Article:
THREE DAYS after an announcer hired by authorities in South Tripura to dispel rumours of child-lifters was lynched by a mob, his grief-stricken family is still struggling to cope with the fact that the 33-year-old lost his life trying to keep his family afloat — for a daily wage of Rs 500.
Sukanta Chakraborty was lynched by a mob on June 28 in the Kalachhara area after a few youths confronted the government team and said they did not know the “real” situation in the villages where “child abductors were really present”.
”This was plain murder in front of so many people. An announcer for a noble cause, hired by the authorities, was lynched to death. What can I say? He left behind his wife and a five-month-old baby boy,” says Debabrata Chakraborty, the elder brother of Sukanta, speaking to The Indian Express over phone.
Debabrata, a construction worker, says his brother’s body bore marks of grievous injuries caused by bricks, stones, sticks and even broken bottles. Four arrests have been made in the case, say police.
”He was to be paid Rs 500 for a day’s engagement as an announcer. Starting from his teenage days, he would be involved in various music programmes, either singing or playing the tabla. His voice was good, so were his announcements,” the brother says.
According to district officials, Sukanta did most of the public announcements carried out by the government in the Sabroom sub-division in the last few months. “The government should now ensure that my brother’s killers are punished, and that his wife and child get compensation for their sustenance,” says Debabrata.
On June 28, Sukanta was accompanied by a government official and the driver of the van — fitted with a loudspeaker — in which they were travelling. He was in the midst of issuing an announcement — that people should not believe in the rumours being spread on social media — at a crowded market place in Kalachhara when he was attacked.
Debabrata says he was in nearby Belonia when he got to know from his wife, Saraswati, around 4.30 pm that his brother was dead. Saraswati was staying with Sukanta and his family in Manikgarh while Debabrata mostly stayed for work in Belonia, around 40 km away. “The family wants justice… Look at us now. Sukanta’s baby does not even understand that his father is gone,” says Saraswati.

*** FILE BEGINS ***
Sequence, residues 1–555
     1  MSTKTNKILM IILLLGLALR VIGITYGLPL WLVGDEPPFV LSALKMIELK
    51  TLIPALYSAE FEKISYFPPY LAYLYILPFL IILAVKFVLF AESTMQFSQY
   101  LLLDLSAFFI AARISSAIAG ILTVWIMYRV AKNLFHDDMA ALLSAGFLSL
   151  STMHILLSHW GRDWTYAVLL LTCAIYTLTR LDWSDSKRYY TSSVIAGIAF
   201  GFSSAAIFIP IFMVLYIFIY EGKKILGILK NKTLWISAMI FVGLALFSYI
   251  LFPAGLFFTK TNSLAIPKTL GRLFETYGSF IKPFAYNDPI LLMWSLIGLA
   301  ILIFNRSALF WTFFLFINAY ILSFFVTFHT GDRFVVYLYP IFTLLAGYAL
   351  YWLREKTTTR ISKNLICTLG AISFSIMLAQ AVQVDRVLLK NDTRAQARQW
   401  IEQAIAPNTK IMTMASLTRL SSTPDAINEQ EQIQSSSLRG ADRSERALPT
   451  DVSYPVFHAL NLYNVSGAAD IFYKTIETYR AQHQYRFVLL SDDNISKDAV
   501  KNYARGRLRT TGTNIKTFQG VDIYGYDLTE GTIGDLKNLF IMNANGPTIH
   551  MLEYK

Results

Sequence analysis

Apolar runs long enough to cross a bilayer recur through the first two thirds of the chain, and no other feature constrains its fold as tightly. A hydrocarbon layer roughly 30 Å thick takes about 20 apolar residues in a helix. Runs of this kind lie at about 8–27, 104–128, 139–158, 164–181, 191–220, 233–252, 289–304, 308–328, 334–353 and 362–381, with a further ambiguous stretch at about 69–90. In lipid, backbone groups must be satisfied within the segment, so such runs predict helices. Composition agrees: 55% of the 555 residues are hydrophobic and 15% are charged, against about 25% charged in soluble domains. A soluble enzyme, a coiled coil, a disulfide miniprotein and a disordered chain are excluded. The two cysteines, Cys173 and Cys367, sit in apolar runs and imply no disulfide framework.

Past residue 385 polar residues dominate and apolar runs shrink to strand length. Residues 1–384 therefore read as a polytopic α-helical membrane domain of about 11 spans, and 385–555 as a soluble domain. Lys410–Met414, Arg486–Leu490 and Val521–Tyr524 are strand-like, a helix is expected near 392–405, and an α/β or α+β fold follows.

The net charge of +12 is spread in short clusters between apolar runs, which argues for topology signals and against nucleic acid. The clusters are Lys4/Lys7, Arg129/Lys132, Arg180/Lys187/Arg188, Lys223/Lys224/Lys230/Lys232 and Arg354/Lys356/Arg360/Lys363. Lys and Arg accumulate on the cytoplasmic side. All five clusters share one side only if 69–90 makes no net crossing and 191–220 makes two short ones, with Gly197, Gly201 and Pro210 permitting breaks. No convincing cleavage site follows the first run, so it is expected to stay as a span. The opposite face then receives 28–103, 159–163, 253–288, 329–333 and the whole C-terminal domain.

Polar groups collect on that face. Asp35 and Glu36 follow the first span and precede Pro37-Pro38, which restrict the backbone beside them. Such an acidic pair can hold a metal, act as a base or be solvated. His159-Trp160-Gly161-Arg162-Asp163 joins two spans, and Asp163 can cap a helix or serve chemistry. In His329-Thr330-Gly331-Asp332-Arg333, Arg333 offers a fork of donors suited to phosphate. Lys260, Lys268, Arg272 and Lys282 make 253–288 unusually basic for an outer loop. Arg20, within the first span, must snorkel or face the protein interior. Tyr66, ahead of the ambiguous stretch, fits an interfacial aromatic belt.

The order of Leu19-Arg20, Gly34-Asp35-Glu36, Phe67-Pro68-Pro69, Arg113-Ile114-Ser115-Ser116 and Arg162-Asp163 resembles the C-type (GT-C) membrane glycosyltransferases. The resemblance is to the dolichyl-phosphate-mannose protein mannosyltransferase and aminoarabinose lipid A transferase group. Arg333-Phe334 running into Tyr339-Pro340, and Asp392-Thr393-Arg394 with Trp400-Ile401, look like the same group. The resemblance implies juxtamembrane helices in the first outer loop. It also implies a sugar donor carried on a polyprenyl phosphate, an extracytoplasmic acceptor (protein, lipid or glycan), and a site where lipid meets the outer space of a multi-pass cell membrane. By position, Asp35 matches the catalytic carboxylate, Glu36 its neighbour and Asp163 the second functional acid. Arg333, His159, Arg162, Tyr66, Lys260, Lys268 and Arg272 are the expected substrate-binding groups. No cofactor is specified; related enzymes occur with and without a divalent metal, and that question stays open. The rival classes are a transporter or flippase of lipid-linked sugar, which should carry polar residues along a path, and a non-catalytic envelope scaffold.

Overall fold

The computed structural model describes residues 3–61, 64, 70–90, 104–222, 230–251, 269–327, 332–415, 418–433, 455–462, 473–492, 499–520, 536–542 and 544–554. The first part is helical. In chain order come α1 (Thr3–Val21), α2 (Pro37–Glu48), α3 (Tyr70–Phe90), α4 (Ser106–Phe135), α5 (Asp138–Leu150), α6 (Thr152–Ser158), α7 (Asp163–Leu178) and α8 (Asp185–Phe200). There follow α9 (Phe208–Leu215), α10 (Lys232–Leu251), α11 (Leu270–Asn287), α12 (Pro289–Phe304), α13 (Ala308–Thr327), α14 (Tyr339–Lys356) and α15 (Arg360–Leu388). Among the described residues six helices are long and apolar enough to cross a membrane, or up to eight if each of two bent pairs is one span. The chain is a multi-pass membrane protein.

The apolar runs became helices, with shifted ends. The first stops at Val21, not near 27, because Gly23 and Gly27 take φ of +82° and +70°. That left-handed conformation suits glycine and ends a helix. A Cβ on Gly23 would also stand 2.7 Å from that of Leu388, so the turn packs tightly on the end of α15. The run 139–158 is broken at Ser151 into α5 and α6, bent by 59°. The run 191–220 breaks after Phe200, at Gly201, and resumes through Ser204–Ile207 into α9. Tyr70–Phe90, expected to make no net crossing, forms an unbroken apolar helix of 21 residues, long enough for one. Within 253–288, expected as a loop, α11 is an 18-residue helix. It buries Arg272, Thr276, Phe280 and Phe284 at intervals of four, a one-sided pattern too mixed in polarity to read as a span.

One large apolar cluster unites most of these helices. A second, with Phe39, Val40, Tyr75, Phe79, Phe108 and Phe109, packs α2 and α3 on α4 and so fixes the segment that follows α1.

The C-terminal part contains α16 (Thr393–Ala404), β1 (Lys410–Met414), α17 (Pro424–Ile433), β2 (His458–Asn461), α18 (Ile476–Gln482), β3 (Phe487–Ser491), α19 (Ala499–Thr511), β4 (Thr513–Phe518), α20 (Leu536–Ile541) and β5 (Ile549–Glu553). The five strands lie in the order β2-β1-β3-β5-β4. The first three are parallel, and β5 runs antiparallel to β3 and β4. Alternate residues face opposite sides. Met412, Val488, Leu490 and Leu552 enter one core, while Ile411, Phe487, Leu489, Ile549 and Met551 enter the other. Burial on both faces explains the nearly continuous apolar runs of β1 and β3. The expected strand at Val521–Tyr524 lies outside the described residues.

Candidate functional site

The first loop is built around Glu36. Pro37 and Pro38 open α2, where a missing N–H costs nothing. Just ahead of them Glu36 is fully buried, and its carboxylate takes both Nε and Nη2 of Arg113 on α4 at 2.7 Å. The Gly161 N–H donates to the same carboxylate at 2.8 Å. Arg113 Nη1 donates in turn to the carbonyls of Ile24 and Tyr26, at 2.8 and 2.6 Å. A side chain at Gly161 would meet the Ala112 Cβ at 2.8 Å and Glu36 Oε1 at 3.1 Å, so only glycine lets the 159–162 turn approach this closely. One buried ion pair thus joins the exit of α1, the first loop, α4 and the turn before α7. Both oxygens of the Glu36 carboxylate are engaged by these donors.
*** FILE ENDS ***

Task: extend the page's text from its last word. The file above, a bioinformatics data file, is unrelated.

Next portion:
According to police and officials, the attack on Sukanta was triggered by the discovery on June 26 of the body of a 11-year-old boy in the Mohanpur area of West Tripura. Cut injuries on the body immediately led to rumours that the boy’s kidneys had been removed — a piece of false information that led to clashes between security personnel and residents, leaving at least seven policemen and some locals injured.
Although Chief Minister Biplab Deb clarified the next day that the post-mortem report showed that both the kidneys of the boy were intact, rumours still did the rounds in several parts of the state about “kidney smugglers” and “child-lifters”.
According to police and officials, rumour-mongering was at its peak in South Tripura’s Sabroom subdivision leading to a meeting at the sub-divisional level on June 28 morning.
Biplab Das, Sabroom SDM, says it was decided in the meeting that an awareness announcement must be made informing people that they should not pay heed to the rumours of kidneys being harvested. The local office of the Department of Information and Cultural Affairs (DICA) was asked to execute the decision, says Das.
”We do not have a permanent announcer here. We always hire someone when a government announcement needs to be made. Sukanta was doing almost all our announcements for the last three-four months… We used to pay him Rs 500 for one day,” says sub-divisional official of the DICA.
The government team, say police, had made two announcements before being assaulted on the third. Sukanta succumbed to his injuries while the other two survived.